Recent publications suggest that the children who live at the bottom in economies with high inequality have reduced life chances.

The grandfather of modern distributional research is Tony Atkinson, a British economist who began in the 1960s a lifetime career studying the British and world income distributions and other related ones. He has been described as virtually single-handedly establishing the modern British field of inequality and poverty studies – it would not be a great exaggeration to say the ‘international’ field.

 

In truth much of his research – a combination of economic analysis, history, politics and statistics – has been tediously mapping out what has happened, none the less valuable for that, especially as the work has been in the scientific tradition of combining a passion for his subject with a ruthless search for what happened in a scientific sense (rather than what ought to happen).

 

Now in his seventieth year, he has broken out in an almost new direction in his book, Inequality; What Can Be Done? It still depends upon the scalpels of analysis, history and statistics of his earlier work, but its central focus is what the policy responses to inequality should be. He has fifteen specific proposals to which, with his usual scholarly caution, he adds a further five ‘possibilities’ which deserve further study.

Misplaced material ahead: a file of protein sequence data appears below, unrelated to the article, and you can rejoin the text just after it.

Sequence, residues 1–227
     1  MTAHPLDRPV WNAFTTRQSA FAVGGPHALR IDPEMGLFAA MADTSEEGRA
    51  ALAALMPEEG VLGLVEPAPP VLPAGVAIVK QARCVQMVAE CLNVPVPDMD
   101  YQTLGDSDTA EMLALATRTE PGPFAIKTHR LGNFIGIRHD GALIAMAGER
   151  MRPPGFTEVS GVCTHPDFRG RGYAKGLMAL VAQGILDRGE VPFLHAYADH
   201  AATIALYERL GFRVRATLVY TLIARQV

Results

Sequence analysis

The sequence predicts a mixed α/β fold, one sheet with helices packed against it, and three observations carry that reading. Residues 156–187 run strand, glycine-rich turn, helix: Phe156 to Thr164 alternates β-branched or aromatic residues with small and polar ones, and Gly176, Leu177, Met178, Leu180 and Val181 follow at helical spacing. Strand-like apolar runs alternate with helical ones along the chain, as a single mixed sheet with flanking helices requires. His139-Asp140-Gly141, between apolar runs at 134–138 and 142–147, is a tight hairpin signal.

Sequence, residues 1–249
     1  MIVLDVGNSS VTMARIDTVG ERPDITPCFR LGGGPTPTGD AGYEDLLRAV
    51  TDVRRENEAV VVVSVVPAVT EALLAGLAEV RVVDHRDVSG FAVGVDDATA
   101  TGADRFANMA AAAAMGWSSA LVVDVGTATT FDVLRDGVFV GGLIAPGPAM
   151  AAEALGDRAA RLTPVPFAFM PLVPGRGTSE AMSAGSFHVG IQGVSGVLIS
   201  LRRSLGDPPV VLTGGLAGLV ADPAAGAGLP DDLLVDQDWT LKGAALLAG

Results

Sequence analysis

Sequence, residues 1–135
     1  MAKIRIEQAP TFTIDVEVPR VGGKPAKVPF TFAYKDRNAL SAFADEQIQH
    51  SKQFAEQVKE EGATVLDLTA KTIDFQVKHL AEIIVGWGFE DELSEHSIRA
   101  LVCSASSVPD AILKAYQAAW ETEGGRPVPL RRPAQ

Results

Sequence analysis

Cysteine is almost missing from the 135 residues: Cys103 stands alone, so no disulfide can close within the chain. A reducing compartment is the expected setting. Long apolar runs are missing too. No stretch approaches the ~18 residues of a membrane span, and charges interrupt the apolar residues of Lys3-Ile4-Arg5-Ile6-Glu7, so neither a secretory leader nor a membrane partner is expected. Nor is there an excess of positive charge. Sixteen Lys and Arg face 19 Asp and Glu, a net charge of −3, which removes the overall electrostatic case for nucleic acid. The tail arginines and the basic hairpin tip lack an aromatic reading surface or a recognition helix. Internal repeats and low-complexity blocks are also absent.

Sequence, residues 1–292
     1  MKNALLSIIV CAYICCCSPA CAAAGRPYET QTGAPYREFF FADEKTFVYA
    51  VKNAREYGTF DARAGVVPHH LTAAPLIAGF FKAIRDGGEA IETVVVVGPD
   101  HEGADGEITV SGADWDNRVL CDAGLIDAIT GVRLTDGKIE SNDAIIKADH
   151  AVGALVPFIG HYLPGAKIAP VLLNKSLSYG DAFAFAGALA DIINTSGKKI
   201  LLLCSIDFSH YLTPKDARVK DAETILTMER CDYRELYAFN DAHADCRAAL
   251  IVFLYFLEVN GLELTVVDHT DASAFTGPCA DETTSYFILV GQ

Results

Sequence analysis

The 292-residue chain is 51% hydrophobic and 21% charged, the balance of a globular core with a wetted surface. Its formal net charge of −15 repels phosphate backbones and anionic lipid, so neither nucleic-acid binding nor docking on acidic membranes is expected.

His package is much more revolutionary (and comprehensive) than that in Thomas Piketty’s Capital in the Twenty-first Century, although it is focused more on Britain than the world as a whole.* It would be foolish to advocate all twenty for New Zealand without careful adaptation for our different circumstances and, in my judgement, he does not pay sufficient attention to the global problem, although perhaps Britain is large enough to get away with some things that little old New Zealand could not.


Yet distributional economics is an evolving field, partly as new data bases evolve, past analytic problems are resolved and the world develops. Hence the concern, captured in Piketty’s book, about the global challenges. It is not just that better data bases enable the better understanding of the income distributions among and within countries, but that the rich have gone global too. (My guess is that ‘non-doms’, those who are not ‘residents’ in order to reduce the tax they pay, will become an increasing issue in public debate.)

 

Atkinson addresses another emerging issue. A common public stance, especially from the right, is that equality of income and wealth is not nearly so important (or is even unimportant); what matters to them is ‘equality of opportunity’. Usually the rhetoric goes on to imply that such equality is unusually high in New Zealand, or that we need to pursue policies such as better education.

 

It is hard to gather empirical evidence for how much inequality of opportunity there is, or where New Zealand ranks internationally. (If anyone can think of a cheap scientific way to do this they deserve a Nobel Prize – for peace.) An IMF Staff Discussion Note, which compared the income of one generation with the next, found us plumb in the middle of 13 countries. Those which did much better (that is, appeared to have greater income mobility between generations) were Scandinavian but Australia and Canada did slightly better than us too.